Two Quebecers who were successful in getting a court to invalidate sections of the federal and Quebec laws on medically assisted dying want the issue to be given a prominent place on the federal campaign trail.
Nicole Gladu and Jean Truchon both suffer from incurable illnesses but had seen previous requests for an assisted death under the law denied.
Justice Christine Baudouin ruled invalid the Criminal Code requirement that a natural death be “reasonably foreseeable” before someone can be eligible for assisted death.
She also invalidated a section of the Quebec law that says people must “be at the end of life” to receive the procedure.
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Baudouin suspended application of the judgment for six months to give federal and provincial legislators a chance to modify the laws, but she granted an exemption to Truchon and Gladu to allow them to seek medical aid in dying.
They told a news conference Thursday they don’t know what steps they’ll take next, but Gladu says the timing of the decision on the first day of a federal election campaign couldn’t be better. She hopes party leaders commit to following through on the court’s ruling.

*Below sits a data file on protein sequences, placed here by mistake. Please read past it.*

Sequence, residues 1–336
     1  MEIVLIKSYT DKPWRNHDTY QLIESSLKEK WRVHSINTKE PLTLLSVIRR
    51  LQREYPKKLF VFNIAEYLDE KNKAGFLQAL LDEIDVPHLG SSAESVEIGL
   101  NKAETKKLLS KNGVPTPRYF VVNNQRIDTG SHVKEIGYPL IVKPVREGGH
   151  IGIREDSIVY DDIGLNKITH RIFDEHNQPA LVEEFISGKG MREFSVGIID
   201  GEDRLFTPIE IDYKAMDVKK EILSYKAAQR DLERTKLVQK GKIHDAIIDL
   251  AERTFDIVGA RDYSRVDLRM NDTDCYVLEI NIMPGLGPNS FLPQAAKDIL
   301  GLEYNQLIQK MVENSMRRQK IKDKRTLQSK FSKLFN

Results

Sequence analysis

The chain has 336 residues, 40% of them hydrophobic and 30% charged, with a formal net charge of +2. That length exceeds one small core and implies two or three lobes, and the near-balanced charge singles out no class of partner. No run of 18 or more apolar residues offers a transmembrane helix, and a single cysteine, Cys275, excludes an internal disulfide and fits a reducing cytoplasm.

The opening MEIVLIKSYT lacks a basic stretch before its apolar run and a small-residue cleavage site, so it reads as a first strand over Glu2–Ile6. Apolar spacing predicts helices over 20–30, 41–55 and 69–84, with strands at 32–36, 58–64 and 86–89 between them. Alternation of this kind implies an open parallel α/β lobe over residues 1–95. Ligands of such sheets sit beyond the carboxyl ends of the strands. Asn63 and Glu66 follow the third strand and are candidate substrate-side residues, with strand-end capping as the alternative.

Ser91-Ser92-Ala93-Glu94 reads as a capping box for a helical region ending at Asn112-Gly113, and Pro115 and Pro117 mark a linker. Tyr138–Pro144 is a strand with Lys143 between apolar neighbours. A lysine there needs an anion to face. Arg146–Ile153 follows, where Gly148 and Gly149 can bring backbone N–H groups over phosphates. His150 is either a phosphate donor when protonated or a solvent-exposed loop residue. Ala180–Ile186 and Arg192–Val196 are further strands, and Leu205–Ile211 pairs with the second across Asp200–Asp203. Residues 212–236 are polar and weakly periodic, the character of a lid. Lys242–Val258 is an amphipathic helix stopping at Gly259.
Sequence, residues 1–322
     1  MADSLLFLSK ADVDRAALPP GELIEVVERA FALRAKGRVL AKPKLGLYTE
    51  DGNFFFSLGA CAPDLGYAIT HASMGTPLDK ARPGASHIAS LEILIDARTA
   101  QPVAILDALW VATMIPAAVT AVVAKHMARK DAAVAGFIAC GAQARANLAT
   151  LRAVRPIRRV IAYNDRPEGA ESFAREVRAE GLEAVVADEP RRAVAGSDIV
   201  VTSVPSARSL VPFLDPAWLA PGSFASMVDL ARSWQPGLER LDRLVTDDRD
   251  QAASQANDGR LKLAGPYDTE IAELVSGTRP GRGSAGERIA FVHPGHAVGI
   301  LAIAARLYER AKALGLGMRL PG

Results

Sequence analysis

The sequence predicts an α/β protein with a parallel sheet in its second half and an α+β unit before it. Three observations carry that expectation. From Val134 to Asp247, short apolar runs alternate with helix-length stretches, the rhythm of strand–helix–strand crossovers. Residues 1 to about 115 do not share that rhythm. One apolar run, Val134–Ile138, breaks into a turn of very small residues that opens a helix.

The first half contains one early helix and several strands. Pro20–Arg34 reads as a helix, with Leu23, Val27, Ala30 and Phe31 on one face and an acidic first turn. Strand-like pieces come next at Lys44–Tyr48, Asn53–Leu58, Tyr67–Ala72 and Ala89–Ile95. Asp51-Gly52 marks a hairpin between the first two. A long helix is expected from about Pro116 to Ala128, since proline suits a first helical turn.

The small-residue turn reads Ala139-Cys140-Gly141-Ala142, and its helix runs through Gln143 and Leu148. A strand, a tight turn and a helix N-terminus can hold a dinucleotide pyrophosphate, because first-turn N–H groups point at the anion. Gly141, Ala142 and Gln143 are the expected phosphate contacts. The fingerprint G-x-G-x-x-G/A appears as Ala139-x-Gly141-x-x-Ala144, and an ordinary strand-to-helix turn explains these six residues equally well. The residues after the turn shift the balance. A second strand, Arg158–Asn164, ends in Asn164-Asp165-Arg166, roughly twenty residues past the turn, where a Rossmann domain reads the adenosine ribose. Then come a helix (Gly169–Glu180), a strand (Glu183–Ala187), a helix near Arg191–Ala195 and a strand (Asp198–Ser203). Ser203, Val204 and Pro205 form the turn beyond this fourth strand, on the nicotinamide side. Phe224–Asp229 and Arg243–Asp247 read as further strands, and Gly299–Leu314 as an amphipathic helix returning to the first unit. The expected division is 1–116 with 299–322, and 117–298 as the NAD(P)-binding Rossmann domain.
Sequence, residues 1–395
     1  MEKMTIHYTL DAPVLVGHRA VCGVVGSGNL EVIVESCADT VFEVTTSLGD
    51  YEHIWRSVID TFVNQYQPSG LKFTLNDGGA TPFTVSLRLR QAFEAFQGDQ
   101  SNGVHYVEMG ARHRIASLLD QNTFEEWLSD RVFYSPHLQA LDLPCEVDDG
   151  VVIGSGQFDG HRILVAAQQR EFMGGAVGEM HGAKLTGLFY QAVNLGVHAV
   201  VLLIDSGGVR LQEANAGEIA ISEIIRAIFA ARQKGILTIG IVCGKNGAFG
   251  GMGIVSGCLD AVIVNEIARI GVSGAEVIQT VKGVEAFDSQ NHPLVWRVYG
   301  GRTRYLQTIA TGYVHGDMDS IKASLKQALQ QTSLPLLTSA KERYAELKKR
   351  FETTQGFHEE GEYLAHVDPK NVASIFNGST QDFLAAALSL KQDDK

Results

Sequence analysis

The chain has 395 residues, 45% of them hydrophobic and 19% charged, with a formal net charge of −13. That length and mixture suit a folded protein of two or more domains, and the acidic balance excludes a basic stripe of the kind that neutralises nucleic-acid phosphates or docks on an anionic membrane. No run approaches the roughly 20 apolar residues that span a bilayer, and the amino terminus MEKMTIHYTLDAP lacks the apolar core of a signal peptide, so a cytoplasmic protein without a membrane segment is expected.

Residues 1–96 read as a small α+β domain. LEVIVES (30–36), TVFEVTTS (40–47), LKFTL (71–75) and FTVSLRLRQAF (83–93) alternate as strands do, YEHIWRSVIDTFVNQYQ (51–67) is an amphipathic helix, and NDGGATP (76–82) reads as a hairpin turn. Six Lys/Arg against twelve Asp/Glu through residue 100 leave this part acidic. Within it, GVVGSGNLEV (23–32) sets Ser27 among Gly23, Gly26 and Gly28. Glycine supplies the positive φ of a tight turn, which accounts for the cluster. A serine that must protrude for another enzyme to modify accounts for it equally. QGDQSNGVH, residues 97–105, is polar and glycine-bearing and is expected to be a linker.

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Jean-Pierre Menard, a lawyer for the two Quebecers, had argued that a 2015 Supreme Court of Canada decision decriminalizing medical assistance in dying established suffering — not imminent death — as the most important consideration.
The federal and provincial attorneys general have 30 days to file an appeal, but Menard urged them not to and instead to change the laws as soon as possible.
Both governments say they’re studying the issue.